Phipps sent periodic small payments to members to encourage
them to remain in the program, recruit new members, or
reinvest in larger payment plans. Though Phipps marketed LWD
as a compound-leveraging investment program that would
generate large sums of money for its investors, less than
nine percent of LWD's approximately 31, 000 participants
made a net profit above their initial investment. Phipps
“earned” $4, 606, 396 from LWD, $1, 381, 683 of
which was “participation income, ” and $3, 224,
782 of which he paid to himself under aliases within the
United States v. Phipps, 595 F.3d 243, 244-45 (5th
Cir. 2010). On August 12, 2008, Phipps was sentenced to a 210
month term of imprisonment, including 22 months for the 26
U.S.C. § 7212 violation, with that term to run
concurrent to the others. Phipps, No. 03:06-cr-114,
at docs. 195, 196. By amended judgment, the court also
ordered restitution in the amount of $1, 402, 446.00.
Id. at doc. 263.
appealed his conviction to the Fifth Circuit, and that court
affirmed his conviction on all counts. Phipps, 595
F.3d at 244-48. He sought a writ of certiorari in the United
States Supreme Court, which denied same on May 24, 2010.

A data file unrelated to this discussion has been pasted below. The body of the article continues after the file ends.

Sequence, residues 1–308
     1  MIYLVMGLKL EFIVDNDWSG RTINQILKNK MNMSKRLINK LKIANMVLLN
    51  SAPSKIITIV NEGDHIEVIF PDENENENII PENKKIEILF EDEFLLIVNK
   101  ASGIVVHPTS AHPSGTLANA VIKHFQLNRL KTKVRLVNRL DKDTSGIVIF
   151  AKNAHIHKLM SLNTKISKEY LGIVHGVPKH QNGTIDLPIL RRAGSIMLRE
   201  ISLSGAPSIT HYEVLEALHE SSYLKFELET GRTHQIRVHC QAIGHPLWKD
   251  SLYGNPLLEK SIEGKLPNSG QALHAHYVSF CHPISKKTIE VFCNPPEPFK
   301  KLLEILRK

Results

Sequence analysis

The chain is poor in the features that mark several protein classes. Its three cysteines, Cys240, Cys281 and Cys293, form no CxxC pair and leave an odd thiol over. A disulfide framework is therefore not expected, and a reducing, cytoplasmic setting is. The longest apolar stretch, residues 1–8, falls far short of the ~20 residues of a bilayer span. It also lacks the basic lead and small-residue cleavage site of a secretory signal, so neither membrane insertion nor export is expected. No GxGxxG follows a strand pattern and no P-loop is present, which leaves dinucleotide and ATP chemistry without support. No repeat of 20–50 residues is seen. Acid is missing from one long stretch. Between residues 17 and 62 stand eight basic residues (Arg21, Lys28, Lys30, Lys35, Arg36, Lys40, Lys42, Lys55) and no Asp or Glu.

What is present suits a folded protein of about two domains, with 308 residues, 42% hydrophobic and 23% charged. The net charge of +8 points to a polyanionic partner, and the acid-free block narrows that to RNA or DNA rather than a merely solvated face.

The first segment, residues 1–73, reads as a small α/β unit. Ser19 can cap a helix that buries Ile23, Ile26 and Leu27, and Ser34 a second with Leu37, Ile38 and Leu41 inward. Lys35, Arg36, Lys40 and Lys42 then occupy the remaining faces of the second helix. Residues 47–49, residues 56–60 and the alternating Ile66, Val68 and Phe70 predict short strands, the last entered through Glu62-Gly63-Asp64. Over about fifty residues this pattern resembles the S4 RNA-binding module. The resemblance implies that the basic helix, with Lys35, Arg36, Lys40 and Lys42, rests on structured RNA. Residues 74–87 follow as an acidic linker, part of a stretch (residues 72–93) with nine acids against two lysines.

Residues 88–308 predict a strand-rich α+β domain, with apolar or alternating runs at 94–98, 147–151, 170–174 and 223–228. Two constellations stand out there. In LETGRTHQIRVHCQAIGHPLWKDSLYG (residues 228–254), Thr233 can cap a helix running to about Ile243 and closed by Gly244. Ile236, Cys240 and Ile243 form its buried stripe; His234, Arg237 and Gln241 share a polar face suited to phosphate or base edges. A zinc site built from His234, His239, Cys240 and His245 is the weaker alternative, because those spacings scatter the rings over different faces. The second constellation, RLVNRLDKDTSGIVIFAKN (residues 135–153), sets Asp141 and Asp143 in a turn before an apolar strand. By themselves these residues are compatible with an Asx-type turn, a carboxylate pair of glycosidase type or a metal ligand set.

Phipps v. United States, 130 S.Ct. 3336 (2010).
October 7, 2010, Phipps's timely pro se Motion to Vacate
under 28 U.S.C. § 2255 (“2010 § 2255
motion”) was received by the trial court. Phipps v.
United States, No. 3:10-cv-2038, doc. 1 (N.D. Tex. Jun.
25, 2012). There Phipps raised several grounds for relief,
including lack of subject matter jurisdiction, ineffective
assistance of counsel, and unconstitutionally excessive
sentence. Id. After receiving a response from the
government, the magistrate judge recommended that the motion
be denied and the trial judge adopted the recommendation.
Id. at docs. 12, 17, 18. On September 25, 2017, he
filed another § 2255 motion in the trial court, raising
new constitutional challenges to his conviction and sentence.
Phipps v. United States, No. 3:17-cv-2720, doc. 2
(N.D. Tex. Oct. 30, 2017). The court ordered the motion
transferred to the Fifth Circuit for authorization under 28
U.S.C. § 2255(h), and that court denied same on March
28, 2018. Id. at docs. 7, 9, 12.
now brings the instant habeas petition, arguing that the
Supreme Court's recent decision in Marinello v.
United States, 138 S.Ct. 1101 (2018), shows that he was
convicted of a nonexistent offense with respect to his
conviction for corruptly endeavoring to obstruct or impede
the due administration of the Internal Revenue laws, in
violation of 26 U.S.C. § 7212(a) (“§ 7212(a)
conviction”). Doc. 1; doc. 1, att. 1. The government
has filed an opposition, arguing that the court does not have
jurisdiction over this petition because Phipps has not shown
that Marinello calls his conviction into question or
that he was foreclosed from raising such a claim in a prior
§ 2255 motion, as required to seek habeas relief in this
court through § 2255's savings clause. Doc. 13. In
his reply Phipps attempts to present additional grounds for
relief. Doc. 14.
LAW & ANALYSIS